I'm a bit rusty at the blogging right now, so we'll start small -- with a long story about my chosen online handle, a statement on hyperbole and sarcasm, and some words from the eminently quotable and incredibly clever Mr. Chris Sims of the Invincible Super-Blog. I'm still in the National Novel Writing Month participant habit of padding my statements in order to up my wordcount, so please do excuse the clumsier parts of this first post when it comes to word choice and grammarical structure. Shortening your sentences after a straight month of trying to make everything as long as possible to make your wordcount takes some getting used to, but I am confident of my ability to shake unhealthy writing habits as I change writing venues.

Mr. Sims stumbled across this thread, which linked to one of his old posts, over on the Comic Book Resources Comics Should Be Good Forum. One of the commenter thought that Chris was too emphatic to be serious in his hatred of the Terry Long character, and that erroneous assumption required swift correction. He lacked both an account and the motivation to create one, so he asked me to post for him. I posted this (for the purposes of historical accuracy, the censored obscenity was "fucking"), linked Chris to it and explained that I used the old online handle that I had created when I was a teenager on the old site for Comic Book Resources. Chris reacted as you would expect:
...
You?
Patience?

BWA-HAHAHAHAHAHA.
I rolled my eyes privately, and kindly told him that the name had been chosen from the James Garner film that was on television at the time when I first created my Comic Book Resources account back in the 90s, and when I made a new account after a few years of being offline I'd felt nostalgic enough to use the old name again. Chris reacted to that in a way that made me thoughtful, to say the least:
I've always thought "Ragnell the Foul" was a little melodramatic and eye-roll-ey, but if that's the alternative, then I appreciate your honesty and candor.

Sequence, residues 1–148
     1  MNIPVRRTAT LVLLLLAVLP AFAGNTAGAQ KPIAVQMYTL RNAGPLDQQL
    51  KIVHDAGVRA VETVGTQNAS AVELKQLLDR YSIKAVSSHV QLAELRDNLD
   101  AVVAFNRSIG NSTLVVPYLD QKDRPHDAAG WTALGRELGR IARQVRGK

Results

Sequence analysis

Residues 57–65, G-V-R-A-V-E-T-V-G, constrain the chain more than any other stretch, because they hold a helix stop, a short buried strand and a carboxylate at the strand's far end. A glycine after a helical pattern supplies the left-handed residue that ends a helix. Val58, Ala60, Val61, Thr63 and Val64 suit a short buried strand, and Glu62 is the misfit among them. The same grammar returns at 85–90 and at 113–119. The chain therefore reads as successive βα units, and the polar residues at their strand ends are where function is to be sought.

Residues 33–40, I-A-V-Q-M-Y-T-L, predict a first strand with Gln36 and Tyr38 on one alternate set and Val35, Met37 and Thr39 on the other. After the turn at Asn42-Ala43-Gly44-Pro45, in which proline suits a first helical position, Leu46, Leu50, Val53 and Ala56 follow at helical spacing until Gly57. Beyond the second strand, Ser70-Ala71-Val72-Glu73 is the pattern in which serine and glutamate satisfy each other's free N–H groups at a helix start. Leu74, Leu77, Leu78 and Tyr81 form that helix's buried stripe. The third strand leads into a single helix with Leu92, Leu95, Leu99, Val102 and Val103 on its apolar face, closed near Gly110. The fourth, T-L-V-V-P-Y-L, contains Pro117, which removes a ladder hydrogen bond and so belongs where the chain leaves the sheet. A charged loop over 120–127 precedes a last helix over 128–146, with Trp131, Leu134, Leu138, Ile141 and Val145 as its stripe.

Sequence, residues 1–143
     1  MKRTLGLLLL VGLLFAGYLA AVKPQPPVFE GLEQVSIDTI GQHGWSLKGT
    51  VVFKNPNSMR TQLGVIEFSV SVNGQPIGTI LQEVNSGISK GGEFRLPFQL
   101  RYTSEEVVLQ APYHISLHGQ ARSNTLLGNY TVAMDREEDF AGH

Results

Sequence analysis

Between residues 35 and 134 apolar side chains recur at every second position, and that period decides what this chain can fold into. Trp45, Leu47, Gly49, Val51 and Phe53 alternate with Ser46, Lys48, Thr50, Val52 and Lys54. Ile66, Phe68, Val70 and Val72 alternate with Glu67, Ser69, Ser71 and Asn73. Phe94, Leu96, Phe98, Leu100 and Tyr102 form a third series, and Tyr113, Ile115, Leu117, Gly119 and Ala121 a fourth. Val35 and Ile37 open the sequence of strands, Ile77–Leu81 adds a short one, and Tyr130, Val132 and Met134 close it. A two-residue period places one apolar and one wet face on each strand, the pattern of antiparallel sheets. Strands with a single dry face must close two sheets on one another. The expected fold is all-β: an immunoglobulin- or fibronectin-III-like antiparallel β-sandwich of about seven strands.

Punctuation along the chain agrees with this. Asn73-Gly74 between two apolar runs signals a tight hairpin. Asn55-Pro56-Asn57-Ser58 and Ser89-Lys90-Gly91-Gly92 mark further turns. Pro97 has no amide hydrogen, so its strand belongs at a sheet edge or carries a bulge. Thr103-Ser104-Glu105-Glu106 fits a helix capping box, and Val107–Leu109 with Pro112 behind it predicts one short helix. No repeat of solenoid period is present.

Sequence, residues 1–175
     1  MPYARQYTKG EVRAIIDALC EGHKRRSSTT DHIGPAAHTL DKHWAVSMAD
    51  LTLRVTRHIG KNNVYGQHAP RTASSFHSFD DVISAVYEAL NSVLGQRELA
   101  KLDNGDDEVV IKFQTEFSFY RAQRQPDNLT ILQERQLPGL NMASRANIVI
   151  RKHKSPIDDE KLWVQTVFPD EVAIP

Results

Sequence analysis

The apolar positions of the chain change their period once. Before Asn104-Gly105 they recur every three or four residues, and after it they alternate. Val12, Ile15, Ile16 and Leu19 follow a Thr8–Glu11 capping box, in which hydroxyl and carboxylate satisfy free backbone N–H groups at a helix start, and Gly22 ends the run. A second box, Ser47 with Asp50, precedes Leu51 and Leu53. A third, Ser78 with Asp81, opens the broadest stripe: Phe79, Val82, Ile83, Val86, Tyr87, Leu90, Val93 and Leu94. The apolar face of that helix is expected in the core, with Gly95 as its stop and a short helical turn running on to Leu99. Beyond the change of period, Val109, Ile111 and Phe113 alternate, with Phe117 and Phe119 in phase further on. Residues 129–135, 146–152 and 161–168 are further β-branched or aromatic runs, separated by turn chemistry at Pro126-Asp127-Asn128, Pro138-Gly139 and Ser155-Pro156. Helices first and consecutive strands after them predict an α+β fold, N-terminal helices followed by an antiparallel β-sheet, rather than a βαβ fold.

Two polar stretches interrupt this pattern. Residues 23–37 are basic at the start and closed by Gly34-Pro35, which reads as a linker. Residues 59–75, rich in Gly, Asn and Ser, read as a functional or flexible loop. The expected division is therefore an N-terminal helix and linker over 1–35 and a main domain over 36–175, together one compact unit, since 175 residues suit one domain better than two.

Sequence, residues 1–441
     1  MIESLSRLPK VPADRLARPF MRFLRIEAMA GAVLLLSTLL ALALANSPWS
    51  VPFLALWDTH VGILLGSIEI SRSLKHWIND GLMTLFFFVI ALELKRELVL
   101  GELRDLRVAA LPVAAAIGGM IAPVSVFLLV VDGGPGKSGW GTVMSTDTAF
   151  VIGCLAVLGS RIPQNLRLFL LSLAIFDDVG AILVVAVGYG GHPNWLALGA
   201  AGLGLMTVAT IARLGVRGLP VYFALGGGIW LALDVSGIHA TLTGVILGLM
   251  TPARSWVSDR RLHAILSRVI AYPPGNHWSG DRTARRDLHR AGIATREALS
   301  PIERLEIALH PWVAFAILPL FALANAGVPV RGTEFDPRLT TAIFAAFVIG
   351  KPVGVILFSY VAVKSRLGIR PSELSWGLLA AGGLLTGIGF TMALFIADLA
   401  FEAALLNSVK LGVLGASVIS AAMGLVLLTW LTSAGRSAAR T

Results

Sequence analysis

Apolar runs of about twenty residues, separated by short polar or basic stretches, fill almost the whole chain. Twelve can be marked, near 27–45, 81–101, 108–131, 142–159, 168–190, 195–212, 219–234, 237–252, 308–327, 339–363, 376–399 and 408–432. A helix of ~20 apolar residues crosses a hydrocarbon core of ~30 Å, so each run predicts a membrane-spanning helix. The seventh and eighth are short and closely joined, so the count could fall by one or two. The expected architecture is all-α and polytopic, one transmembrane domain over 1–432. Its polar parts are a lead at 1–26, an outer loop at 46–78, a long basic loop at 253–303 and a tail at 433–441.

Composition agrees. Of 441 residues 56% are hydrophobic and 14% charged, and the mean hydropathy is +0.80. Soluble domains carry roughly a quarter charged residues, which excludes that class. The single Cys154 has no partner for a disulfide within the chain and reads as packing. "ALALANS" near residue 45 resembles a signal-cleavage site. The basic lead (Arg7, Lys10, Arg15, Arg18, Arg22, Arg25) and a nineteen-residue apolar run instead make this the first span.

Now, the reality of it is that I had chosen Ragnell the Foul after my Arthurian obsession which occurred in the last two years of High School and the first two years of my United State Air Force term of enlistment, and Patience during an afternoon that I whiled away with a marathon of a Western style television series, called Sugarfoot, that starred an actor named James Garner (who, coincidentally, is from Norman, Oklahoma, in this this very state and very close to the city in which I live). The Western style television series, called Sugarfoot, featured at least two female characters who had a name which was chosen specifically because it described the exact opposite personality the female lead displayed, Prudence for a very foolish woman and Patience for a temperamental person. At the time, everyone on the JLA board was obsessed with the wait for JLA #16, and that was the first board I posted on. So, it was born of sarcasm.

I chose Ragnell the Foul after reading a reference book on Arthurian Legend which listed the wife of Sir Gawain as "Ragnell the Foul." I liked the phrasing. I like the sound of it. I liked the character it referred to. And, most importantly, I liked the story it referred to, so I picked this one when I re-entered fandom after a brief hiatus of two or three years of patriotic and idealistic (it had to patriotic and idealistic as it was highly unprofitable) military service.

I liked the exaggerated title because I have always found overstatement to be comedic, and, because I had had enough of "Chill out, Pat, live by your name" online when I was a teenager, I found it to be a useful warning to anyone who might stumble across my posts.

All of this, of course, brings me back to the original problem of one Mr. Chris Sims, lately of the Invincible Super-Blog, which was an online reader taking a writer's overstatement for the purposes of comedy to be overstatement for the purposes of sarcasm. To which I can only offer my name, and my own example.